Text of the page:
Hioki states his case for Aldo fight

A dominating display is exactly what Hatsu Hioki needed to create a title buzz. Susumu Nagao for ESPN.com

If he didn’t raise any eyebrows in his Octagon debut against George Roop back at UFC 137, highly regarded featherweight Hatsu Hioki did so on his native soil against stalwart Bart Palaszewski at UFC 144.

The reigning Shooto lightweight and Sengoku featherweight champion did more than live up to his reputation and billing -- he suddenly came across like an attractive fight for UFC kingpin Jose Aldo.

This was a feat for the “Iron Broom,” who is largely considered the No. 2 featherweight in the world, including in ESPN’s Power Rankings. Though he occupies the space, it felt a little like window-dressing to UFC-centric fans who only had the Roop bout to fill in the context. But for those who have followed Hioki’s career overseas and saw him notch victories over Marlon Sandro and Takeshi Inoue in recent years, this felt more like it.

Hioki managed to dominate Rounds 1 and 3 by timing out his jab and setting up his takedowns for a unanimous decision (officially 30-27, 29-28, 29-28). Once he had “Bartimus” on the floor, Hioki dominated the position and kept him in survival mode throughout. Hioki was the quicker fighter; he reacted well to everything Palaszewski threw at him, and he capitalized on mistakes. Though he was a little tentative in the second round, Hioki was the dominant fighter throughout the bout, moving him to 2-0 in the UFC.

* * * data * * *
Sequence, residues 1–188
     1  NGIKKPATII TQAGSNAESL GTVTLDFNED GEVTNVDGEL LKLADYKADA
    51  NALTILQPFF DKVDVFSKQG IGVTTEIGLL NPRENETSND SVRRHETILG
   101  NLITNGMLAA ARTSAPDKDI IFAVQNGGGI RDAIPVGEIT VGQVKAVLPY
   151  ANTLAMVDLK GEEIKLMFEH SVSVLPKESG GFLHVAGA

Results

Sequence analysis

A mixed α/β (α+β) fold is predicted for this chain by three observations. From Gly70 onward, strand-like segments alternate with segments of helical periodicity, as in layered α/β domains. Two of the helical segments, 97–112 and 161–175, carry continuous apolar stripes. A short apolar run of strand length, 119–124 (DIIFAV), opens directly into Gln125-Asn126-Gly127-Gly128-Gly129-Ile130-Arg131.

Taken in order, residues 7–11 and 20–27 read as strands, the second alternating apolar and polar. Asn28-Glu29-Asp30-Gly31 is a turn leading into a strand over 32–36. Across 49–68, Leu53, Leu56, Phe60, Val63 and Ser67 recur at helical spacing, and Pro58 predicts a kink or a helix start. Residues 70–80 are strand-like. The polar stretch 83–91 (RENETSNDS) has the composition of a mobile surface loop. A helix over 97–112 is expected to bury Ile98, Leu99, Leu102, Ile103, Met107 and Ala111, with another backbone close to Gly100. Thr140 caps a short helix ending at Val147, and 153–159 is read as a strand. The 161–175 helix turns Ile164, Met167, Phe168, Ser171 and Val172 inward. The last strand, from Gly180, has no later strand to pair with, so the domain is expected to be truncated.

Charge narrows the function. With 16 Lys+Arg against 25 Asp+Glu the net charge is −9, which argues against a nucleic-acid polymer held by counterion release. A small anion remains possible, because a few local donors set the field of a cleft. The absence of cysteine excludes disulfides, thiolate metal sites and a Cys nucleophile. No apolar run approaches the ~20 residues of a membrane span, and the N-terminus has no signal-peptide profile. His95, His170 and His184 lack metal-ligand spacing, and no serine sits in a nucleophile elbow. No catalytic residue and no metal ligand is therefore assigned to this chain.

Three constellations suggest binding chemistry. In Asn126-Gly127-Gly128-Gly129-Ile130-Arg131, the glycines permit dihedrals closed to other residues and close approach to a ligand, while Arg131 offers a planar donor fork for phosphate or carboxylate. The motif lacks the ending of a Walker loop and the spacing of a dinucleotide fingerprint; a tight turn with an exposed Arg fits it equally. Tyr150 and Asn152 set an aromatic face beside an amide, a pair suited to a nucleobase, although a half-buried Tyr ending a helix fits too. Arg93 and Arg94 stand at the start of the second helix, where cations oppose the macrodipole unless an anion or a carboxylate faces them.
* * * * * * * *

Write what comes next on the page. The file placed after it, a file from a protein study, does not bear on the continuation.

More importantly, it gave Hioki some wind behind his sails in his quest to face Aldo. Hioki has been a very quiet contender up until now, to the point that fellow 145ers like Dustin Poirier, Erik Koch and Chan Sung Jung (and even non-feathers like Frankie Edgar) were getting more mileage as legit threats to Aldo's belt. But it was a big statement fight with Palaszewski, which was a must for him to present himself as an imposition to Aldo. Hioki landed three takedowns, worked from dominant positions and was a tyranny when on top. It was the vintage Hioki that the UFC could use in marketing a title fight.

In other words, it was exactly the kind of fight that Hioki needed to make a case. And timing is on his side, too. If the UFC does indeed hold a card in Sao Paulo in June with Anderson Silva-Chael Sonnen II as the main event, a perfect table-setter would be Hioki-Aldo.

Of all the Japanese fighters on display in Saitama at UFC 144, Hioki's showing was perhaps the most impressive. And given Okami’s loss to Tim Boetsch, the baton has been passed to Hioki to bring a UFC back to the Land of the Rising Sun.